The Impact of Virtual Learning on Mental Health in College Students and How to Research it
By Claudia Munsell, Sevanah Charles, Andrea Moran, and Mary DeFranco 

Via Tucson Weekly

Dr. Elise Anguizola Assaf is a communications professor within the Department of Communications here at California State University, Fullerton. As an assistant professor in the undergraduate program, she has taught hundreds of students public relations courses. She has a Ph.D. in Education from Chapman University, along with a M.A. and a B.A. in Communications with an emphasis in public relations from Cal State Fullerton.

We chose Dr. Assaf to interview because her studies overlap with our research topic about college students, mental health and the stereotypes that surround it. We want to study and discover which elements have contributed to the rise of mental health issues within college students since the beginning of the COVID-19 pandemic in March of 2020. Assaf offers amazing advice and insight about how to study the mental health space. For word count purposes we have shortened her answers below.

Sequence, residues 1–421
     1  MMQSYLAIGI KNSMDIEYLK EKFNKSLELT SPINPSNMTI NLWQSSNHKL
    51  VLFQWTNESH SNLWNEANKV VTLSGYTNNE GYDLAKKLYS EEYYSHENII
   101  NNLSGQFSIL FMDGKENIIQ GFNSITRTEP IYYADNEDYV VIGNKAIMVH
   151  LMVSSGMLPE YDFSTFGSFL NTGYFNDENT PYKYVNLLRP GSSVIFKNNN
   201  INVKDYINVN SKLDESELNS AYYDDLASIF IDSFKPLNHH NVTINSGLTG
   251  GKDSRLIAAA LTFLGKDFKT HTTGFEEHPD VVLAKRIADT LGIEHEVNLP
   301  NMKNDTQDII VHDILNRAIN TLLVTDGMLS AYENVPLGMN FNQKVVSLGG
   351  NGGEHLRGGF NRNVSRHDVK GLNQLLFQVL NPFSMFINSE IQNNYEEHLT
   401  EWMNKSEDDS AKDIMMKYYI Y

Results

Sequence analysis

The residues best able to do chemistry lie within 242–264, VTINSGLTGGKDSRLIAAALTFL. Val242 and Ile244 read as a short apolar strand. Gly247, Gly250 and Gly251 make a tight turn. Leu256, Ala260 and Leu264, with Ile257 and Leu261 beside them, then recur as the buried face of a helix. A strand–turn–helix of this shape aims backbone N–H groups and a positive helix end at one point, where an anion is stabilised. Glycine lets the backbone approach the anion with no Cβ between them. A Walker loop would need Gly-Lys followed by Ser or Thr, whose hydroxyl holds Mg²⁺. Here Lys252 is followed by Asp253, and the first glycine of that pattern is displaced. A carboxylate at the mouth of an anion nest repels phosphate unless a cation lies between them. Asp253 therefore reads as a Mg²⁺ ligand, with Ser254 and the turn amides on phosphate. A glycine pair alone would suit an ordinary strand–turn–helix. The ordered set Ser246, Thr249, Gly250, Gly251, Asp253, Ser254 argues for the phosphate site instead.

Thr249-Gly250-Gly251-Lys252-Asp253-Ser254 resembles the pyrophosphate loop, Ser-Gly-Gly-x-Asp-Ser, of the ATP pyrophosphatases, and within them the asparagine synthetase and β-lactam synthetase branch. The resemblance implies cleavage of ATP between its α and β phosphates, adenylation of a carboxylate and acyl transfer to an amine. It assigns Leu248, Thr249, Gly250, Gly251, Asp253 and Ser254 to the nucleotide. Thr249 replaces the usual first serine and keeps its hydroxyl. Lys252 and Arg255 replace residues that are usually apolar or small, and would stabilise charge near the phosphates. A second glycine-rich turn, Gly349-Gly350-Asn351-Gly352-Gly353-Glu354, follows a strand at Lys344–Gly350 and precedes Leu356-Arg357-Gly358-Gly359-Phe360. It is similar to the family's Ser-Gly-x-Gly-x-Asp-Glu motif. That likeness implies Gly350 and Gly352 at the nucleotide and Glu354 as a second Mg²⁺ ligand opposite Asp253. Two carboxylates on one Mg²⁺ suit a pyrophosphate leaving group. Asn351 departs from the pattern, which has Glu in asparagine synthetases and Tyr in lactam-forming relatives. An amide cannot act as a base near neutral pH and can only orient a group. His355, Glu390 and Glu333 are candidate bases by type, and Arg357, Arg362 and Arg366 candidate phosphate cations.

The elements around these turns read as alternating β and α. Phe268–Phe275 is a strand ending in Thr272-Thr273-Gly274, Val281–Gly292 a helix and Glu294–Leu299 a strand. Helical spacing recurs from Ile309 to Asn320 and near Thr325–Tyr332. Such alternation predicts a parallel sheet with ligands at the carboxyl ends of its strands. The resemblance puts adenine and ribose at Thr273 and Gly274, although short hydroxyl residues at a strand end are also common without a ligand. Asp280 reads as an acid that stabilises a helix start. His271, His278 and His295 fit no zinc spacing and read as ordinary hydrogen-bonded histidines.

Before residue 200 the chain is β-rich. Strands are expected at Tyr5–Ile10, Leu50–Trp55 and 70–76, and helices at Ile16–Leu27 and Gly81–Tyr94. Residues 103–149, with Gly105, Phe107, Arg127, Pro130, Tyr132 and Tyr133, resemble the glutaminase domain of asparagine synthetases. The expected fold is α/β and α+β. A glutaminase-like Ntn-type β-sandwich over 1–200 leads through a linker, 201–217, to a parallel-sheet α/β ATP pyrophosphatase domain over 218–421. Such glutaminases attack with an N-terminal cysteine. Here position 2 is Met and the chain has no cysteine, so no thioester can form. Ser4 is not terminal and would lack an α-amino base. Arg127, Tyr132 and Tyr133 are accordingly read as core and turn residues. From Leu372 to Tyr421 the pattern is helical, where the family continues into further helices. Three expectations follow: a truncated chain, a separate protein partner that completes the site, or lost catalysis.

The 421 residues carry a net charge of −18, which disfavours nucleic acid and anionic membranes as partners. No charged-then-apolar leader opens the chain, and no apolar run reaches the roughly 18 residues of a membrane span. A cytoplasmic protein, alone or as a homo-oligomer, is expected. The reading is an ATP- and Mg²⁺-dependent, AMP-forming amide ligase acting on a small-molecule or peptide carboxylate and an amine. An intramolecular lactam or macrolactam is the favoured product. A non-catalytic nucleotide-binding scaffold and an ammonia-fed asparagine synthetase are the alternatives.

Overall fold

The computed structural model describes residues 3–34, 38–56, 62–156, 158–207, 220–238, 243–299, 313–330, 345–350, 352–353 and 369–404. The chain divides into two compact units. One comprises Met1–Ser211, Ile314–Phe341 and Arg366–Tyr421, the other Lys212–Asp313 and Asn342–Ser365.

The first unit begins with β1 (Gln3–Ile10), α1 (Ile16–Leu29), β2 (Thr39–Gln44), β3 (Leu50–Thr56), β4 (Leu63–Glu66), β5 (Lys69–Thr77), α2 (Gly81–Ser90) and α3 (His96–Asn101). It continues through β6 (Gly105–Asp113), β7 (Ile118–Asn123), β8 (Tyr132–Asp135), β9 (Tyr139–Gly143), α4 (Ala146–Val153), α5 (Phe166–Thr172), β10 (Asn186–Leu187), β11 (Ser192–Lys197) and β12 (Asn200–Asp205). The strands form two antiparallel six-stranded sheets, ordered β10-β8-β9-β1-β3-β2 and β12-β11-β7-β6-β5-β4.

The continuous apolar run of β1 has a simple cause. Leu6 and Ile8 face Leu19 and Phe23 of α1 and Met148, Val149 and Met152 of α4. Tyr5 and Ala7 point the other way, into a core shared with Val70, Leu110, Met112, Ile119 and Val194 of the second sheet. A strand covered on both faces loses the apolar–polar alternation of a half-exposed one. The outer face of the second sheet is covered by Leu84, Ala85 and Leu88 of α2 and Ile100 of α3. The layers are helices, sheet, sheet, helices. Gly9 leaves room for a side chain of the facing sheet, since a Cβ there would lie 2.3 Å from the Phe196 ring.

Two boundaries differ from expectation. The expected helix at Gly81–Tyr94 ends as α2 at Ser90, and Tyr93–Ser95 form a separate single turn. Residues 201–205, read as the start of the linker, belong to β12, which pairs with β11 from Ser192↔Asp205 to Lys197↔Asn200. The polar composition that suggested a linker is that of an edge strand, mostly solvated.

We first asked Professor Assaf how she became interested and passionate about her work.

“I’m in entertainment. I love TV and so kind of recognizing the depictions that I watch as a viewer has also been something that has spurred my interest and really looking at it from a researcher perspective as opposed to just a casual observer. A lot of the research that I did was kind of like I will see something out. I’ll see a TV show, I’ll read a newspaper article, whatever the case is that starts my interest in making it like a study…” says Dr. Assaf.

Professor Assaf’s personal connection to her research gives her a multiple-perspective view that allows her to effectively assess and analyze data. Our group chose to research college students and the effect that virtual learning has had on their mental health; as college students ourselves, we can relate to Professor Assaf’s approach and utilize some of the same methods.

We then asked her to elaborate on her past experiences with mental health research.

She explains,“I am interested in mental health representation media and in general. It started with seeing how mental illness was described in news reports after shootings and things that are deemed as dangerous behavior even the research shows that a very small percentage of individuals who commit these crimes have a mental illness yet that’s all you see in newspapers and headlines, which started the research component…”

Dr. Assaf’s work is very personal to her and thus fuels her passion for research. We can relate to this because as students going to school within the COVID-19 pandemic, we understand the negative effects it can have on a students wellness and quality of life.